And where is the Prince who can afford to so cover his country with troops for its defense, as that ten thousand men descending from the clouds, might not in many places do an infinite deal of mischief, before a force could be brought together to repel them?
An investment in knowledge pays the best interest. When it comes to investing, nothing will pay off more than educating yourself. Do the necessary research, study and analysis before making any investment decisions.
I am a mortal enemy to arbitrary government and unlimited power. I am naturally very jealous for the rights and liberties of my country, and the least encroachment of those invaluable privileges is apt to make my blood boil.
Since they are our right, let us be vigilant to preserve them uninfringed, and free from encroachments. If animosities arise, and we should be obliged to resort to party, let each of us range himself on the side which unfurls the ensigns of public good. Faction will then vanish, which, if not timely suppressed, may overturn the balance, the palladium of liberty, and crush us under its ruins.
Women are books, and men the readers be, Who sometimes in those books erratas see; Yet oft the reader's raptured with each line, Fair print and paper, fraught with sense divine; Tho' some, neglectful, seldom care to read, And faithful wives no more than bibles heed. Are women books? says Hodge, then would mine were An Almanack, to change her every year.
I have so much faith in the general government of the world by Providence that I can hardly conceive a transaction of such momentous importance [as the framing of the Constitution] ... should be suffered to pass without being in some degree influenced, guided, and governed by that omnipotent, omnipresent, and beneficent Ruler in whom all inferior spirits live and move and have their being.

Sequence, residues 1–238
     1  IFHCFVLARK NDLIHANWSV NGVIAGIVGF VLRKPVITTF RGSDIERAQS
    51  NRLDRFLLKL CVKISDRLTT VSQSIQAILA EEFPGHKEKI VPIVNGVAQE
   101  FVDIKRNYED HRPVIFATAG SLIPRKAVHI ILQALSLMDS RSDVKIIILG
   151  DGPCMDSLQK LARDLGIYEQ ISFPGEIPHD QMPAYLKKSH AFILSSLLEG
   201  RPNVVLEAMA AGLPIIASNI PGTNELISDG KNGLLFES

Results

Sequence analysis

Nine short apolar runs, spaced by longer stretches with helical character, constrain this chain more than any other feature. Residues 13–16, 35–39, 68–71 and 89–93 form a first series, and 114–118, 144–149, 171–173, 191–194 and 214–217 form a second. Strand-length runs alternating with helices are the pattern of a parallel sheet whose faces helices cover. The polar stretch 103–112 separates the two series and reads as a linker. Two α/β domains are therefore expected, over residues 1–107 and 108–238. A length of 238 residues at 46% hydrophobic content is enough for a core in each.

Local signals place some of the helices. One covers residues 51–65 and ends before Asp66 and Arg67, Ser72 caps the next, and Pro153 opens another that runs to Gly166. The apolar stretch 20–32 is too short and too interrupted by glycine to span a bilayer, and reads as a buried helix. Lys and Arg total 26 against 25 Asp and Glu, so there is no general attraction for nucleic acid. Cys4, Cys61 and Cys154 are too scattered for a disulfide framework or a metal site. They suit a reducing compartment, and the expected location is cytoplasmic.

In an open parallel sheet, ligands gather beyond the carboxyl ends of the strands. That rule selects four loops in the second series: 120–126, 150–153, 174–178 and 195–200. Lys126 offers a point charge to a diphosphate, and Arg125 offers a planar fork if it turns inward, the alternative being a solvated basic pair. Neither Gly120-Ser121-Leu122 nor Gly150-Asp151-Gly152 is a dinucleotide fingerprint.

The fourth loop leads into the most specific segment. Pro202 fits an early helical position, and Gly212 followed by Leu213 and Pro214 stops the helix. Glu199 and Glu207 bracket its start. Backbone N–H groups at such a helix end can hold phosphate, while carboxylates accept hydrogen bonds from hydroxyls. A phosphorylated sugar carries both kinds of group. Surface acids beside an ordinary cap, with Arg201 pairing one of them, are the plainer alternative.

Freedom of speech is a principal pillar of a free government; when this support is taken away, the constitution of a free society is dissolved, and tyranny is erected on its ruins. Republics...derive their strength and vigor from a popular examination into the action of the magistrates.
Freedom of speech is the great bulwark of liberty; they prosper and die together: And it is the terror of traitors and oppressors, and a barrier against them. It produces excellent writers, and encourages men of fine genius.
Be studious in your profession, and you will be learned. Be industrious and frugal, and you will be rich. Be sober and temperate, and you will be healthy. Be in general virtuous, and you will be happy. At least you will, by such conduct, stand the be.
It is the will of God and Nature that these mortal bodies be laid aside, when the soul is to enter into real life; 'tis rather an embrio state, a preparation for living; a man is not completely born until he be dead: Why then should we grieve that a new child is born among the immortals?
God heals, and the doctor takes the fees. Energy and persistence conquer all things. He that is good for making excuses is seldom good for anything else. How many observe Christ's birthday! How few, his precepts! Oh, it's easier to keep Holidays than Commandments. Well done is better than well said.
We hear of the conversion of water into wine at the marriage in Cana as of a miracle. But this conversion is, through the goodness of God, made every day before our eyes. Behold the rain which descends from heaven upon our vineyards, and which incorporates itself with the grapes, to be changed into wine; a constant proof that God loves us, and loves to see us happy.